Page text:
Twenty years ago today, the last evidence was given before the Scott Inquiry, a judicial investigation which had grown massively in scope since it first began in 1992. Having been given a remit to look into why a prosecution against the engineering firm Matrix Churchill had collapsed so spectacularly, the inquiry had ended up examining the way in which ministers and civil servants habitually keep secrets for no other reason than to cover their own backsides.
Matrix Churchill was an engineering firm based in Coventry which had been supplying Saddam Hussein's Iraq with machine tools which could be used to build weapons. Since Iraq was an ally at the time, this was regarded as being a good and normal thing - at least until 1991, when the UK went to war against Iraq. Oops.
So of course the government launched a prosecution against the directors of Matrix Churchill for the crime of supplying the enemy with widgets that could be used against us. What transpired was that Matrix Churchill had done everything through the proper channels and had even been advised by the government on how to get the bits and bobs exported without any fuss. And just to put the icing on the cake, one of the directors claimed that he'd actually been passing information about Iraqi defence capabilities to Mi6, the British foreign intelligence service. Oops again.
The judge in the court case had some difficulty in figuring this all out, because the government issued a number of Public Interest Immunity certificates that allowed them to avoid giving evidence that they claimed was crucial to national security. And so the evidence that might exonerate the directors of Matrix Churchill could not be heard because it had been declared secret. The judge then decided that the PII certs were a load of rubbish, and forced government ministers to give evidence regardless. This led to the edifying spectacle of Alan Clark, former Minister for Trade, admitting that he'd been a bit economical with the actualité. And yes, those were his actual words. Triple oops.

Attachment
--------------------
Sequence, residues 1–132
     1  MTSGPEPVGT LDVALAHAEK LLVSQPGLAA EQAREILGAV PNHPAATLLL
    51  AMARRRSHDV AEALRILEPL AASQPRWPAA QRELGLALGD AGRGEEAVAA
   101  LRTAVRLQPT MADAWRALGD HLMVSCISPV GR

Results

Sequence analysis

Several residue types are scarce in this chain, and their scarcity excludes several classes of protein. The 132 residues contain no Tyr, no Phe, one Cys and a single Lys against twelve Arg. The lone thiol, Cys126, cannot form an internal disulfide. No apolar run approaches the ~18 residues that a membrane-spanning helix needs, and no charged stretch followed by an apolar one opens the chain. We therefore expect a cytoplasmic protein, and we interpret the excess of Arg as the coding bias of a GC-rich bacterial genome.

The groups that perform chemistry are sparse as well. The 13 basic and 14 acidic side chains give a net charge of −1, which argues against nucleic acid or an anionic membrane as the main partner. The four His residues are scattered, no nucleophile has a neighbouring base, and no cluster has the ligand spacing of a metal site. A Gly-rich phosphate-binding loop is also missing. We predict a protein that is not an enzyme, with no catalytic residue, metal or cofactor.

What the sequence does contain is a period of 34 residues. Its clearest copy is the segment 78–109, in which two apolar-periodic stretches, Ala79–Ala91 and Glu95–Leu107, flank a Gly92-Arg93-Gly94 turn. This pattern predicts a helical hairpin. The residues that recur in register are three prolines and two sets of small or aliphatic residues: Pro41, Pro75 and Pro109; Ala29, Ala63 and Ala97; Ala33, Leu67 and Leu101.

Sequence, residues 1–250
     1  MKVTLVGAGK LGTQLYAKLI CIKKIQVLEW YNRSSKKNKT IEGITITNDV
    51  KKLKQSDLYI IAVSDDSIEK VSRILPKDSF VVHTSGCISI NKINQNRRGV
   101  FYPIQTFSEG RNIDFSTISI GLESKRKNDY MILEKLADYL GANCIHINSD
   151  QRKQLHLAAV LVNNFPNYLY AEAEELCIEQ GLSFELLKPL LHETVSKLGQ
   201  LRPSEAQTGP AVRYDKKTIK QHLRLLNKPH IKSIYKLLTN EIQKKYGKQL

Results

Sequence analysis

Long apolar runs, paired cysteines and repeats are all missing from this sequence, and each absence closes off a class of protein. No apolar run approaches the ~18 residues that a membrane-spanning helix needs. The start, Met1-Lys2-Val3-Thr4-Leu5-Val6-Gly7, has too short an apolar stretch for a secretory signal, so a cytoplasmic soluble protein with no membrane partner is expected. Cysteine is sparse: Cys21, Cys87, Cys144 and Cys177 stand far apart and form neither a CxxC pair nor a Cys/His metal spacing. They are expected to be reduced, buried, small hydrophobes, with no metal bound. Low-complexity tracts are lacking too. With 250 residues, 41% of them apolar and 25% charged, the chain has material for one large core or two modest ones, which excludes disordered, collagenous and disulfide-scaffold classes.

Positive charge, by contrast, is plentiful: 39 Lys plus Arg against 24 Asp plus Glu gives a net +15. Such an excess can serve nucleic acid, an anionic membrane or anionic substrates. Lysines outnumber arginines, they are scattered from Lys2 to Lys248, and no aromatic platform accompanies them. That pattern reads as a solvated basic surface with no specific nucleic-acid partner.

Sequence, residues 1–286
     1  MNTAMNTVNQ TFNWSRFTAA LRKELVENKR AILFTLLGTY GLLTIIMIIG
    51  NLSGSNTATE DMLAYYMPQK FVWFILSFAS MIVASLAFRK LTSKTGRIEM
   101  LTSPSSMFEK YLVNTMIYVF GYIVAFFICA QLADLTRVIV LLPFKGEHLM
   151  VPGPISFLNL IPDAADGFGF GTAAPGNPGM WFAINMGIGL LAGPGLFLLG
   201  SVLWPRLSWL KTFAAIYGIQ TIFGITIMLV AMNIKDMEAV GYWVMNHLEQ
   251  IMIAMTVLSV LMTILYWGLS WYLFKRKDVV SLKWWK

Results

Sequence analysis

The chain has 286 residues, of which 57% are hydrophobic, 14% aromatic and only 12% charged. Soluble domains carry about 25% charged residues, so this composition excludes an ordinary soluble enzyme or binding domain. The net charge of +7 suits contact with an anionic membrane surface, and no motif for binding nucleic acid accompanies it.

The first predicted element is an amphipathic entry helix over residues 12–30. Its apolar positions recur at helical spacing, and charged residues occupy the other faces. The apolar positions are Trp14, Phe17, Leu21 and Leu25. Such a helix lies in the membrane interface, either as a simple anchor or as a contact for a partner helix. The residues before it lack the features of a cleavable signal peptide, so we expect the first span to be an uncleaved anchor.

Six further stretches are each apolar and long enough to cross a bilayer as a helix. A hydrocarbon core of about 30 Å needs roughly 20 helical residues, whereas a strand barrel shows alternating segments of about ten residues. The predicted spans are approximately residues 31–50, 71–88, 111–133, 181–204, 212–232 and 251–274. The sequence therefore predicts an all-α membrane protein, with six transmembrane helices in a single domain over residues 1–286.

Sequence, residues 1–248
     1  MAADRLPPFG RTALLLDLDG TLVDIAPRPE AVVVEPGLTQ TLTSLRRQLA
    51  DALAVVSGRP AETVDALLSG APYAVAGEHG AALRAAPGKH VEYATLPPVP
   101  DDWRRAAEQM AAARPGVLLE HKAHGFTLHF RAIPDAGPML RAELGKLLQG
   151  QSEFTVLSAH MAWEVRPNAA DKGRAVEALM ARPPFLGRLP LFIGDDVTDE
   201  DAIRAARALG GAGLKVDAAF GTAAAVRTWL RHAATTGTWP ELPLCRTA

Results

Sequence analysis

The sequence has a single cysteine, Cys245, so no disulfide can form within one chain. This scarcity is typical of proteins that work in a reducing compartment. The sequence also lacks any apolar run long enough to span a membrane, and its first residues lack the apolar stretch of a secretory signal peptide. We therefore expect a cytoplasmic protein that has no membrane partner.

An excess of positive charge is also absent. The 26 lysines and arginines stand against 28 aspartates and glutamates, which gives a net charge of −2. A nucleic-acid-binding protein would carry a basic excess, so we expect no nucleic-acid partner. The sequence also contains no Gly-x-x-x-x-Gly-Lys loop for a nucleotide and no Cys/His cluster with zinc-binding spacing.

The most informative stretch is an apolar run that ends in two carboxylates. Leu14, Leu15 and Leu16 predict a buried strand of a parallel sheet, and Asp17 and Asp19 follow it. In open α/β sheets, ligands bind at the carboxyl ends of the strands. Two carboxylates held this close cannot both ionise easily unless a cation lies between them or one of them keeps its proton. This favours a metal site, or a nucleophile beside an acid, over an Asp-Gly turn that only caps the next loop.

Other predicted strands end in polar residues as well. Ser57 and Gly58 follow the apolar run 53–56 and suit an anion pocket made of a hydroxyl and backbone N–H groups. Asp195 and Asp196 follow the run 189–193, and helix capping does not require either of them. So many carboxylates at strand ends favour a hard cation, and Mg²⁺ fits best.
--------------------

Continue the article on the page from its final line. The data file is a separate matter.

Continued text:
After the collapse of the trial, Sir Richard Scott was charged with the job of finding out how deep the rabbit hole went. It went pretty deep indeed, and confirmed an awful lot of cynical suspicions about the interior workings of government. Much to the feigned shock of everyone, it turned out that HM Government had been so desperate to avoid accountability that it was willing to declare anything a secret which might in any way embarrass ministers or civil servants. Matrix Churchill's dealings with Iraq were an embarrassment - and so its directors were prosecuted to make sure the blame could not be laid at the government's door.
It's at this point that cynicism takes a big, happy sigh and says: "My work here is done," shortly before pouring itself a brandy, lighting a cigar and taking a few weeks off until the next political crisis.